Quantity vs. Quality

Linda Johnson, NP, the leader of the University of Wyoming brigade experience in Agua Salada, has just been recognized by the university in the reception of the Faculty Award for Internationalization. Congratulations Linda!!  Read about it at http://www.uwyo.edu/uw/news/2016/04/uws-linda-johnson-honored-for-work-in-honduras.html.

 
Wyoming University has been coming to the small village of Agua Salada for many years. They built the clinic there and have developed a very rich and meaningful relationship with the local people. Generally they see a great many people while they are here, sometimes as many as 100 a day. The service that they offer is stellar. They are busy from start to finish with little time to relax or reflect.

treatingkid

They were in Agua Salada this past Holy Week. This brigade did not unfold in the same way as past brigades. In deference to Lemony Snicket and Jim Carrie, we experienced a series of unfortunate incidents. Shoulder to Shoulder was a bit taxed this year with eight groups arriving in the month of February. This was an all-hands-on-deck experience. Whereas, we were often very challenged, stretched, and stressed, we managed without making any major mistakes. However, we did not follow-up to insure that the promotion of the Wyoming brigade had taken place in Agua Salada. It was also Holy Week. Everyone, including our staff, has Holy Week off. So Wyoming had a very slow start and they did not see the tremendous numbers of people that they had in past visits.

Meeting with Health Committee

Meeting with Health Committee

We were very apologetic, and because we have a long-standing, fruitful relationship with Wyoming, they were very graceful and forgiving in their response. Also, because it was Holy Week, Laura and I had more time to be present to the brigade. We were able to spend almost the entire day with them on Thursday. They were seeing patients, perhaps less than on pervious brigades, but they were busy. The mood was light while we were there, everyone seemed grateful for the opportunity to be there. On this particular day, the brigade welcomed the parteras (midwives) for an appreciation lunch. The oldest midwife from the community was present. Her sense of joy in being received by the brigade was extremely moving. Later in the day, we sat down to a meeting with the local health committee, and the Shoulder to Shoulder health promoter and nurse for the area. In the meeting that sense of mutual respect and appreciation seemed to deepen. The sharing in terms of what Wyoming could do to foster the ongoing health work within the community deepened an already secure relationship. I’m not certain, but I was beginning to have the feeling that the brigade’s less hectic experience was forging something even greater. Wyoming will be back in November and they will see a lot of patients again. They will return, perhaps, with even a greater appreciation for the value of the relationships they built and sustain. It only takes money to build a clinic. It only takes medical professionals and supplies to offer medical care. It takes so much more to fully invest oneself into the lives and world of others. Perhaps the series of unfortunate events had a fateful purpose.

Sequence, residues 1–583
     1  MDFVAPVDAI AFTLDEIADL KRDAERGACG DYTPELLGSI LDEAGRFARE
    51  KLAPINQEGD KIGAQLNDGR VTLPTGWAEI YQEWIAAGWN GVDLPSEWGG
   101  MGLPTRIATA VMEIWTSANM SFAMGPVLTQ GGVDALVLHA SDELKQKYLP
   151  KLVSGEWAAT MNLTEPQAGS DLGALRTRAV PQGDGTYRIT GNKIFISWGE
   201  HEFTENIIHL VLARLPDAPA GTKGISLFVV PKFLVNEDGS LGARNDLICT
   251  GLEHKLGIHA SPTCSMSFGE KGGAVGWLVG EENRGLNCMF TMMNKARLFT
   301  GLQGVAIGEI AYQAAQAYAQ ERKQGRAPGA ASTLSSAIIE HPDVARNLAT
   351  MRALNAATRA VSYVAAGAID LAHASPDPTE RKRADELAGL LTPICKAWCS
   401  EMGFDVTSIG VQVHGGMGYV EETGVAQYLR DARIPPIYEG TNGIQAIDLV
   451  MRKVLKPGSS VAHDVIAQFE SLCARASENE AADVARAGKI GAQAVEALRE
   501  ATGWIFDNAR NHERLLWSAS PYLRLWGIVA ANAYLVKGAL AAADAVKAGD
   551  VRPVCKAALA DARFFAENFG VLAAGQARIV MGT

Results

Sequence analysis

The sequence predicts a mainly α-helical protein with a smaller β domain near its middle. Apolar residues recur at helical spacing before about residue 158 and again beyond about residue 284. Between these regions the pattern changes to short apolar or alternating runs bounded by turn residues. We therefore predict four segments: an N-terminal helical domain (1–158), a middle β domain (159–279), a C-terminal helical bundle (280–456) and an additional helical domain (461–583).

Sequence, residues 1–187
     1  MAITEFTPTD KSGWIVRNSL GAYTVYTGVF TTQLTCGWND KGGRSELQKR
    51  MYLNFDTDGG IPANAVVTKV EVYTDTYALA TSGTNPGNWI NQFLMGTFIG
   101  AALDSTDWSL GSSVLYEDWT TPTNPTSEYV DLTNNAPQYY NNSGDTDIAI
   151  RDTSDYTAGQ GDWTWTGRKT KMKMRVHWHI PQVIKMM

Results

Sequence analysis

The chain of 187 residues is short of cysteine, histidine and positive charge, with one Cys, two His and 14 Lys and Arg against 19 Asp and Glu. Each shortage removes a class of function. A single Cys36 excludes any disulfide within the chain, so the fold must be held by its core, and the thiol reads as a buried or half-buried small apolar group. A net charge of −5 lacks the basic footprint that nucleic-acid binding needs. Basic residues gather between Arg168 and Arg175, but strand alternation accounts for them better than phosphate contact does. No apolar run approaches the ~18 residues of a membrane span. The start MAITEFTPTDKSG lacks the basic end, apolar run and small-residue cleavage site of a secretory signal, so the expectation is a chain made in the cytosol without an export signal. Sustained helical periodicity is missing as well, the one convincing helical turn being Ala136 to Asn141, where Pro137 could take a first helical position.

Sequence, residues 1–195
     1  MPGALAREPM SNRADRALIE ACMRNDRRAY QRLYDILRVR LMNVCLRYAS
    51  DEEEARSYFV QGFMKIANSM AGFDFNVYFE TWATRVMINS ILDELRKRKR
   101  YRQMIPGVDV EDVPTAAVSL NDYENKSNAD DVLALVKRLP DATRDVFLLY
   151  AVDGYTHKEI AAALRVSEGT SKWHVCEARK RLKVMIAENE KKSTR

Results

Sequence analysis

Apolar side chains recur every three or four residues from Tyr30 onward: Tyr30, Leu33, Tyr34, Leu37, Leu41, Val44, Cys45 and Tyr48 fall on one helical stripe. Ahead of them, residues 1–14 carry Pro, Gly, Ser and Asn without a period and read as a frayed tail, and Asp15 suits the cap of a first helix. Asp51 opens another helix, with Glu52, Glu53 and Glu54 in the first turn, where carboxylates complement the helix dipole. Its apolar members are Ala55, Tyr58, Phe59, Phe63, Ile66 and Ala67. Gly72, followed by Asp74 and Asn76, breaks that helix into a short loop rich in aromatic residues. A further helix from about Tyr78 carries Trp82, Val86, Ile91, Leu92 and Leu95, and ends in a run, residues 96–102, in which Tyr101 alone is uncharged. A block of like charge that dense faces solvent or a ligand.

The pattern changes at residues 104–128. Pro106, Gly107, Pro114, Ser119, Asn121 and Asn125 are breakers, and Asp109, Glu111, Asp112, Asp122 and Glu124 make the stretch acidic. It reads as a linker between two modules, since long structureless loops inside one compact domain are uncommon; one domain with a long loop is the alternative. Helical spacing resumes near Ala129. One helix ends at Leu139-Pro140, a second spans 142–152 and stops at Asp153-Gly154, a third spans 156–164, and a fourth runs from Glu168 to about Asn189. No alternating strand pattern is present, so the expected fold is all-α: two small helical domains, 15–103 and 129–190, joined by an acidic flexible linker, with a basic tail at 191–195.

Oldest Partera in Agua Salada

Oldest Partera in Agua Salada

Laura and I also traveled with the Wyoming brigade to Tegucigalpa for their flight out. On the night before their flight, we sat down to share in reflection on the participants’ experiences. Gratitude was a major theme; gratitude for the time and space to come to know the people of Agua Salada. The other theme present was the feeling that everyone had offered quality health care. I understood this as meaning that the service was offered with integrity and compassion.
Precious Time with Kids

Precious Time with Kids

I suspect that Wyoming brings their medical students to Honduras and Agua Salada in order to equip them with a Global Health Care experience. But this is not a box to be checked off on your resume of life. It is not accomplished by simply being there and doing the expected work. The satisfaction of coming to know another person from another culture in a foreign environment requires the willingness to give time, space, and respect. Wyoming sees a great many patients, but the real value they offer is in the quality of these encounters, and not their quantity.